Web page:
If you thought the Detroit Red Wings were a challenge for the Blackhawks, well, here come the Los Angeles Kings.
The defending Stanley Cup champions have a big and mobile defense. They're fast. They hit all over the ice. They're deep at center with Anze Kopitar, Mike Richards, Jarret Stoll and Trevor Lewis. And they have an elite goaltender in Jonathan Quick, the reigning Conn Smyth Trophy winner.
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Piece of cake, huh?
But if you're the Hawks, you've got to be thinking to be the best you've got to beat the best.
"We know this series we just played was one of the toughest series we've had in awhile," Hawks winger Patrick Sharp said after eliminating Detroit. "You look ahead to the Kings and it's only going to get harder.
"They're big, strong, fast, physical, and they're got a great goaltender who they protect very well. This time of year it really doesn't matter who you play because they're all tough."
The Kings are trying to become the first team since Detroit in 1997-98 to win back-to-back Stanley Cups.
"We look forward to the challenge and we're ready for it," said Hawks defenseman Brent Seabrook, the Game 7 hero Wednesday when he scored 3:35 into overtime for the 2-1 win. "We think we found our game in the later games here in this series.
"You know what, we did have some learning curves in this round, definitely. Detroit played a great series. We really had to find ourselves after the fourth game being down 3-1. I thought the boys responded well. We played a very good Game 5.
"I thought we played a very good Game 6. I thought we played very well (in Game 7). Detroit gave us all they had. It was just nice to come out on the winning end of this."
No goalie has been hotter than Quick in the playoffs. He leads all goaltenders with a 1.50 goals-against average, .948 save percentage and has 3 shutouts.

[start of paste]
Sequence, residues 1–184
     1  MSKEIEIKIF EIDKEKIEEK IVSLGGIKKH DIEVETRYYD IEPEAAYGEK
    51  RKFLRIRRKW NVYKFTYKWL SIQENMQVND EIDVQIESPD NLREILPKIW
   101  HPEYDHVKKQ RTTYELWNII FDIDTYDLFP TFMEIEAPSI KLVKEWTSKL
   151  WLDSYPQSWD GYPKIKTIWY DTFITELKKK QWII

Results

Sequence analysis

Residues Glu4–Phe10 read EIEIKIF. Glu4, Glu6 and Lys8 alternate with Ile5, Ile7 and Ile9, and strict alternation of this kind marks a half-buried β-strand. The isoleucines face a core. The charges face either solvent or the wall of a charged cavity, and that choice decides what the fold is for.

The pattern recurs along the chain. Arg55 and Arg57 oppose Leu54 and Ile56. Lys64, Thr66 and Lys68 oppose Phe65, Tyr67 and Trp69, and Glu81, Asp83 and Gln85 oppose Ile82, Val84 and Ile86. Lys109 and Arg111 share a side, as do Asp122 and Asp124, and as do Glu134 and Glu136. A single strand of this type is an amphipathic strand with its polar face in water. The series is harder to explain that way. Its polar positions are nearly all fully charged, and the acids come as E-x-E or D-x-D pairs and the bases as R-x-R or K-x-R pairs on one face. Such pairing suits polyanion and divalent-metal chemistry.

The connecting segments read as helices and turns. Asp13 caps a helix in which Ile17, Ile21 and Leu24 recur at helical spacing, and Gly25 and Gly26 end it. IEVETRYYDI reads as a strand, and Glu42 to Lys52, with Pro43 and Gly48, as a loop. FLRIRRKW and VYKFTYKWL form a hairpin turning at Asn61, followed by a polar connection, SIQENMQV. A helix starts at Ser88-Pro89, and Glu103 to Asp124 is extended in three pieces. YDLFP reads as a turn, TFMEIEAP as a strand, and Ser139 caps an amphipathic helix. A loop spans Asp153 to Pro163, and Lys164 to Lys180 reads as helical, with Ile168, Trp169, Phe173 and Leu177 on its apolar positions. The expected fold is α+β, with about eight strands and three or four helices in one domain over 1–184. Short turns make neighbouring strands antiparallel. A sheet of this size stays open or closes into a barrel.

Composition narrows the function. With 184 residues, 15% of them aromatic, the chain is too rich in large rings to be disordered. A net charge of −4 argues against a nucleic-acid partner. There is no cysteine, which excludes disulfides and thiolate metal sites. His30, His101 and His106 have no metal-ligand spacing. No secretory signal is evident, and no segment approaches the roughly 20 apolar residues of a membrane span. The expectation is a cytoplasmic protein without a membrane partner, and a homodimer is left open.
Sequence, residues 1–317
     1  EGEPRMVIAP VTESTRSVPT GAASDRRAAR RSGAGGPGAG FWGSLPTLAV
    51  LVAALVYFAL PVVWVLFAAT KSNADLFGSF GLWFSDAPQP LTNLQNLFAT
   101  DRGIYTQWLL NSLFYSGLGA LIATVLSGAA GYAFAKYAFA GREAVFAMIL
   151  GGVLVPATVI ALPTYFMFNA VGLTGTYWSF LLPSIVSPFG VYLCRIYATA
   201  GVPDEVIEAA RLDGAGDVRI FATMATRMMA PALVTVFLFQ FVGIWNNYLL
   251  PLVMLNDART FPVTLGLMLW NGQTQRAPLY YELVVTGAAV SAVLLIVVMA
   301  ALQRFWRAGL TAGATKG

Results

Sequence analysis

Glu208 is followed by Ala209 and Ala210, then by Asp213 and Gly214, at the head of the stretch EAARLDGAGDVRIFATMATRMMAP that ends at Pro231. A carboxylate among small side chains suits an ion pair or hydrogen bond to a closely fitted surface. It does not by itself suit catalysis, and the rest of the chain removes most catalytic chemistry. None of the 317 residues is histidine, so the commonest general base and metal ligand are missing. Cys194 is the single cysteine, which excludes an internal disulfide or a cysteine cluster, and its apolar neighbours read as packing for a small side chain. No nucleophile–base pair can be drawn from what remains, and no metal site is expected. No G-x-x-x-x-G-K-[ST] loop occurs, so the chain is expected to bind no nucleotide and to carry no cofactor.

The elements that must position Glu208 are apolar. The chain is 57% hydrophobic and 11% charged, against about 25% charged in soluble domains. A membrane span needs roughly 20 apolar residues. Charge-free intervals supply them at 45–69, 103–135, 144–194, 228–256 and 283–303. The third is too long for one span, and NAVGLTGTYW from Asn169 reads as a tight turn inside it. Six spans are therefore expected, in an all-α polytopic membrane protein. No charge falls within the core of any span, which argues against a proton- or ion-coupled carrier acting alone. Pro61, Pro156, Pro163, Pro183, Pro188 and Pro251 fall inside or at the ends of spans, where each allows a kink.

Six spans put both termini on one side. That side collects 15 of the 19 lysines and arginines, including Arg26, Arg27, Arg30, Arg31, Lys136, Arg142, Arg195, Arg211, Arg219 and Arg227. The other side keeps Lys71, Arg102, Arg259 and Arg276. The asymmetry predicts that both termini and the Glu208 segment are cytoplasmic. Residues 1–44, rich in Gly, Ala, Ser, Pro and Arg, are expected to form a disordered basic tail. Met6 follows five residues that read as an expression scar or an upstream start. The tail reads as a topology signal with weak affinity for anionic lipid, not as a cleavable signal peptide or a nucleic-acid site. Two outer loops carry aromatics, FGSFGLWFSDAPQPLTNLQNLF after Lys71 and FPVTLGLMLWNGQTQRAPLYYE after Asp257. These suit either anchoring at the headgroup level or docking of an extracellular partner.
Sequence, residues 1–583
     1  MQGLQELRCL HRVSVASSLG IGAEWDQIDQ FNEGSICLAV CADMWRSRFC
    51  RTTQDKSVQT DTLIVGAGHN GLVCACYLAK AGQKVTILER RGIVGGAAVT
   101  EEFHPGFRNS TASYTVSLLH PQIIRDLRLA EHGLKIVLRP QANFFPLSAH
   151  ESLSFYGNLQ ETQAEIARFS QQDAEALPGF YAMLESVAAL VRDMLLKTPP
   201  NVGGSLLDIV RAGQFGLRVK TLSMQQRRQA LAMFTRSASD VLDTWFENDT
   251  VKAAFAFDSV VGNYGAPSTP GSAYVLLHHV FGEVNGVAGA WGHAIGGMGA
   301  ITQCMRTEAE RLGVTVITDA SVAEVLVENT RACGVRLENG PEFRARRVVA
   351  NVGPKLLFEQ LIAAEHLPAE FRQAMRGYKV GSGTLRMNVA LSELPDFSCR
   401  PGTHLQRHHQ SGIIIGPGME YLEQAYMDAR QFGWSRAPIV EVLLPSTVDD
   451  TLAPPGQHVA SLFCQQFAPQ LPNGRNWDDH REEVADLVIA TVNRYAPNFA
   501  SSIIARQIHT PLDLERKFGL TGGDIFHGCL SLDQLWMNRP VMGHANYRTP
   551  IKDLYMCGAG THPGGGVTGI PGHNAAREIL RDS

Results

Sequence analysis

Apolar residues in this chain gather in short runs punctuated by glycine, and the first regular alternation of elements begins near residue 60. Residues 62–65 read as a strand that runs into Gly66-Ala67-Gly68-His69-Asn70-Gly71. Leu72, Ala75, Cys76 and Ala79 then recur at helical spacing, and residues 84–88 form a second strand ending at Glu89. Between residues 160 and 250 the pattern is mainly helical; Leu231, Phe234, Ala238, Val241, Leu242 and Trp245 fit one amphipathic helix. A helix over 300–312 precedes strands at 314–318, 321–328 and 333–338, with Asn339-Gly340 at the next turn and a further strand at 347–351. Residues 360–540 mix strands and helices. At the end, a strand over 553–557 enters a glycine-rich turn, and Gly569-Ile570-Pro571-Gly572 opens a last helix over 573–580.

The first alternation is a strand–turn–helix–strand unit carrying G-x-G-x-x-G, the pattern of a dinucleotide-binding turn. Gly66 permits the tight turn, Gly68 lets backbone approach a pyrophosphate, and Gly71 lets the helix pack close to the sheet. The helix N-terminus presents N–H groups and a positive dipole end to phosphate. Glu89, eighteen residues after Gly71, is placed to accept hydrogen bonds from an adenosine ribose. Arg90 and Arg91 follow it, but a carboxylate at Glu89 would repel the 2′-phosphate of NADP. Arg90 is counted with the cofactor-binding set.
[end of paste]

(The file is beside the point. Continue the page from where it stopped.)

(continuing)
But he has struggled against the Hawks this year and for his career. Quick is 6-11-1 all time against the Hawks with a .857 save percentage. The Kings lost two of three games to the Hawks this year.
Hawks goalie Corey Crawford, meanwhile, has been no slouch in these playoffs with a 1.70 goals-against average and .938 save percentage.
"We've had progressively much tougher series, and they keep getting tougher," Hawks coach Joel Quenneville said. "LA's got the Cup and they've played two tough rounds in a row. They know how to win. We've got to be well-prepared and excited about the opportunity."
The Kings haven't been rolling through the playoffs like last spring. They needed seven games to get past San Jose in the last round, losing all three games on the road. They also lost two games on the road in the first round against St. Louis before winning four in a row.
Stoll, who is still recovering from a concussion suffered against San Jose from a Raffi Torres hit, should return at some point in the West finals.
The Hawks showed tremendous character in winning their last series after being down to the Red Wings three games to one.
"So looking forward, we need to use that ability and use that confidence that winning a series like this gives us," Jonathan Toews said. "Regardless of the situation, we keep our eyes on the long-term result that we want, and we keep pushing through every moment.
"It's never over until it's over, and we proved that in this series."
It's going to be a long and grueling series. Blackhawks in seven.
•Follow Tim's hockey reports on Twitter @TimSassone and check out his Between the Circles blog at dailyherald.com.